The second important legacy of movements - partly linked to the first - is the idea that one can make politics by selectively choosing one's warhorses, and that through political activity it is possible to affirm one's own individual identity. Struggling for rights, militants also struggle to assert their identity - of women, homosexuals, transgenders, natives, Afro-Americans - side by side with other women and men who care about the same political and personal goals. Identitarianism, therefore, provides formidable motivations which, paradoxically, are compatible with the culture of the individualist right. After all, what is more, important than the right to freely express oneself, and to live as we please?

I believe that The Once and Future Liberal is written to provoke. Predictably, Lilla has been accused of superficiality, of excessive generalization, and of privileging the anecdote to solid empirical research. However, it is, in fact, a pamphlet. Like all good pamphlets, The Once and Future Liberal focuses on a real problem, and like many pamphlets, (which is one of its major shortcomings), it does not offer precise solutions.

Lilla wonders what the political malfunction of America is, first in an op-ed in the New York Times and then in a pamphlet that amplifies the treatment, making it even more nervous: The Once and Future Liberal - After Identity Politics is committed - with all the risks of an elite reading - to throw fuel on the fire. Lilla's theory is that American liberalism has slipped into an ethical panic about racial, sexual and gender identities, which ended up distorting its message and preventing it from becoming a unifying force capable of governing. The mobilization in favor of the identity causes, starting from that for the racial disparity and against the forms of racism, up to those in defense of the homosexual communities or other entities at risk of discrimination, has ended up modifying the essence of the liberal vision. It has transformed it into a group which generates minority aggregations invisible to the majority and perceives them as foreign.

According to Lilla, this identity policy undermines the pursuit of the common good, the primary objective of the liberal American vision. The division into groups of claims - women, African Americans, Hispanics, gays, Indians etc. - nourishes a divisive rhetoric of difference, which, in the name of victimization, grants motivations to the hegemonic overwhelming of white power. Lilla stated that one of the lessons of the recent presidential election, with its repugnant outcome, is that the age of identity liberalism must end. Too many Democrats are indulging in a "politics of narcissism", indifferent to the solution of the real problems of America. Indispensable for him is the return to a pragmatism of politics, whose only goal is to win and take back control of as many centers of power as possible. Progress, in social and economic terms, of equality and opportunity, passes through political power, which must be the primary target. Progressives must start doing one thing: winning the elections by attracting the masses on their side. If in 2016 a substantial number of Barack Obama voters voted for Donald Trump, the cause lies precisely in the progressive dominance of identity policies, which have made anyone who did not identify himself in one of them, feel out of place.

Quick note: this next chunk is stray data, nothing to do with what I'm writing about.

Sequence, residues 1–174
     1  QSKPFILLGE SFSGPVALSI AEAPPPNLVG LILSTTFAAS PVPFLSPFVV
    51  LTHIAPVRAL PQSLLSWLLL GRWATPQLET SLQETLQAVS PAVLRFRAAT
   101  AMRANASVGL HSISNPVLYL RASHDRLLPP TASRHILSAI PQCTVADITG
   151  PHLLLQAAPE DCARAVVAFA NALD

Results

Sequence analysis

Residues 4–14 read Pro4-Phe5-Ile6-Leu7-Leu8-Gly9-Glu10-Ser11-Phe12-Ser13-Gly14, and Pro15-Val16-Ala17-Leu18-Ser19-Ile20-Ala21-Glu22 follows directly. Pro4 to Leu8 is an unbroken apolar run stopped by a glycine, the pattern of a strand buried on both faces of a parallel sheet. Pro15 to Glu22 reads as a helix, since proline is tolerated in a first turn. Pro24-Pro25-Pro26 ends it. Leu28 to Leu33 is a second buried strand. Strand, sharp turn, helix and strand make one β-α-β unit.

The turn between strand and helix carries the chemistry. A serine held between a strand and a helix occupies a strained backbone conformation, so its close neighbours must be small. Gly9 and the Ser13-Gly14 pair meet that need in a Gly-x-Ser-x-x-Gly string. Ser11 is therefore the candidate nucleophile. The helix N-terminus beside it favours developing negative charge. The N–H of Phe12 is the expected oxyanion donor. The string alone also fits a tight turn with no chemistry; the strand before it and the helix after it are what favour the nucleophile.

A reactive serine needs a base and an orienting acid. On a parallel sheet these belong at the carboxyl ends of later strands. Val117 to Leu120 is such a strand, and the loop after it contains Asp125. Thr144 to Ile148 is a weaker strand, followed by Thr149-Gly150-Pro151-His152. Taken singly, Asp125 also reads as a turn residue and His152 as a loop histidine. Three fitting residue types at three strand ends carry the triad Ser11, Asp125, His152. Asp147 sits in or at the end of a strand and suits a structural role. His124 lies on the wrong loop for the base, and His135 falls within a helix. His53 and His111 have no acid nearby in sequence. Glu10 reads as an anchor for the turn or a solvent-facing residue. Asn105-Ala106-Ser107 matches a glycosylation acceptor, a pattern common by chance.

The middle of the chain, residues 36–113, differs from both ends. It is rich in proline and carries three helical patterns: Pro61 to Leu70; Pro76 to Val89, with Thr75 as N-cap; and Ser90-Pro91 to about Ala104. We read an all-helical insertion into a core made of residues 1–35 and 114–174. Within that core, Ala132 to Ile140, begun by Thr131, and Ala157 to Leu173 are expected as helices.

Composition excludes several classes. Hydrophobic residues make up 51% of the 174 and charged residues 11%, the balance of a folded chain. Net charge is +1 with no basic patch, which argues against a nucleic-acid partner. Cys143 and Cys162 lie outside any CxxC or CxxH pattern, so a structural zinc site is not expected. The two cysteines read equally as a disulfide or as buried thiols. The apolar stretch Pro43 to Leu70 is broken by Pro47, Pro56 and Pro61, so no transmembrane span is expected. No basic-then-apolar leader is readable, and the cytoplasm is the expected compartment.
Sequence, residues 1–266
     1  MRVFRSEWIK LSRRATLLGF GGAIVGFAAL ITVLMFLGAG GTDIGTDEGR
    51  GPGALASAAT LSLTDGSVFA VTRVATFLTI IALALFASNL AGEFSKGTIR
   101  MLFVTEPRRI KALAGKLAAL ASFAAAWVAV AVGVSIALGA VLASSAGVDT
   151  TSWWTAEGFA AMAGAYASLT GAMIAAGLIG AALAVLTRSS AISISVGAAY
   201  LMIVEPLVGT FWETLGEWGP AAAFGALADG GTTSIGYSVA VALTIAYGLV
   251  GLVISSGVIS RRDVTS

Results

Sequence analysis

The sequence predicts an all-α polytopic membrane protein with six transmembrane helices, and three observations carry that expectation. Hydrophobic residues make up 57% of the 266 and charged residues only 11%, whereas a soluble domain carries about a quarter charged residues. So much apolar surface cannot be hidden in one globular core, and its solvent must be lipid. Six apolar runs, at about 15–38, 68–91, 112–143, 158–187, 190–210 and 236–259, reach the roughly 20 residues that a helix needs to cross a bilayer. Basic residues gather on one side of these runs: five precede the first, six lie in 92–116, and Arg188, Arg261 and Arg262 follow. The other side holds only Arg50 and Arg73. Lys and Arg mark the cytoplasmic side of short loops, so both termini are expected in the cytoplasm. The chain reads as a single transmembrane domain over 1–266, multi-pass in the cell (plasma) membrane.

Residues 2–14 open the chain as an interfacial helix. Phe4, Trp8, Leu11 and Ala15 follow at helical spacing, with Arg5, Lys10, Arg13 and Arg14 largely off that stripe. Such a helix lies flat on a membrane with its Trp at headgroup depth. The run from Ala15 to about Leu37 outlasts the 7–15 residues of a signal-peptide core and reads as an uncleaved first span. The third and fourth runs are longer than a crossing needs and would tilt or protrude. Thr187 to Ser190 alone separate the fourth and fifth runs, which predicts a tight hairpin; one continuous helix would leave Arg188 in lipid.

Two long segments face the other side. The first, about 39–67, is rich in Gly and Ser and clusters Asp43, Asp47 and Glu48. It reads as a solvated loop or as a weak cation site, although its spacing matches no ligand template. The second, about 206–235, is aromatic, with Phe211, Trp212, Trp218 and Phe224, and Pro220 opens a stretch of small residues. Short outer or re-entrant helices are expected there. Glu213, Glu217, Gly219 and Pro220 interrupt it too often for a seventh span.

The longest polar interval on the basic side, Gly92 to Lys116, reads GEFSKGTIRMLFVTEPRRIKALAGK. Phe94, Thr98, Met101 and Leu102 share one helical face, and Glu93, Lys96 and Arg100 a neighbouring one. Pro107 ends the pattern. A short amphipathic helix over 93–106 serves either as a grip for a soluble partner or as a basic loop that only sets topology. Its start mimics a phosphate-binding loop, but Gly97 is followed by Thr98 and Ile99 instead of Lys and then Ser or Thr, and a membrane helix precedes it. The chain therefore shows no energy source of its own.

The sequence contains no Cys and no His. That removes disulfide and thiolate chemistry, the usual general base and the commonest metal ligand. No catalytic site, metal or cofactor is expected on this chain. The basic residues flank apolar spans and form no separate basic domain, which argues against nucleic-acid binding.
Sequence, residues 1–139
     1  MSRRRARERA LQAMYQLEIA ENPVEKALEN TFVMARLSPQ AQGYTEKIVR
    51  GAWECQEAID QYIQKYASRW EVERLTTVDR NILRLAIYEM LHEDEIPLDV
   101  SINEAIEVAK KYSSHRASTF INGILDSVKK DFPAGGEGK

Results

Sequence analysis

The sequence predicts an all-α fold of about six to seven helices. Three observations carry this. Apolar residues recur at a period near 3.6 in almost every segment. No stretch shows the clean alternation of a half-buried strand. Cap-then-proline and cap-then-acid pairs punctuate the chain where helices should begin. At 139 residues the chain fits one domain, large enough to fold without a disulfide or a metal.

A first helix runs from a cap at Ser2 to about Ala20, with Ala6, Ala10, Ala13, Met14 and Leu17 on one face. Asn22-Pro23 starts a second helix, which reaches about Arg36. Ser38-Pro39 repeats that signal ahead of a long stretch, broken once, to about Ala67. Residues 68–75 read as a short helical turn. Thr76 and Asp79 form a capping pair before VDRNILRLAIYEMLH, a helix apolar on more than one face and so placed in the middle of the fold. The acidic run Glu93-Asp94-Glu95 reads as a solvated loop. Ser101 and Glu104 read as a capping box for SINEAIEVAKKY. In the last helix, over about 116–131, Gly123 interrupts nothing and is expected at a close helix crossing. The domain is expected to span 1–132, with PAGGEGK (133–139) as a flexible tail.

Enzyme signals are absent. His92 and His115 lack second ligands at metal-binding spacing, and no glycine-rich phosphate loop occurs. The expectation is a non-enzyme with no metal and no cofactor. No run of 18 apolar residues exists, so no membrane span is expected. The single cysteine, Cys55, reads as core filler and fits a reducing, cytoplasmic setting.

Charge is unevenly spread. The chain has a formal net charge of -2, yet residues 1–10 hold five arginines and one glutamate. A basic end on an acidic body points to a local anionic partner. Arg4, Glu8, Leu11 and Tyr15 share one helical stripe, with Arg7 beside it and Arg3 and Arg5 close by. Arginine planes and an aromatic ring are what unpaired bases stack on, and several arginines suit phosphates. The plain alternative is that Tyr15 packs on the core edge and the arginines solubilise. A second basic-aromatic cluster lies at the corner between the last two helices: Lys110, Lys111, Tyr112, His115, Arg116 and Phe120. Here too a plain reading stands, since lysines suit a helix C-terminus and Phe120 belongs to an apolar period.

I agree with Lilla that it is natural that the hostility expressed against the movements - Black Lives Matter, to cite one of the most relevant, which disputes the persecution suffered by blacks by the police forces - and the acrimony towards the mobilizations in the universities, has procured a lot of criticism in Lilla. Trump and his men have successfully insinuated themselves in the interstices of this multiple claim scenario, which has accentuated the divisions in the progressive front, creating noisy clusters, but destined to defeat. His proposal lies in the advent of a new form of progressivism, based on common goals. Lilla states we need realism, where subject matters are presented truthfully, without artificiality and sugar coating things to make a selected group of people happy.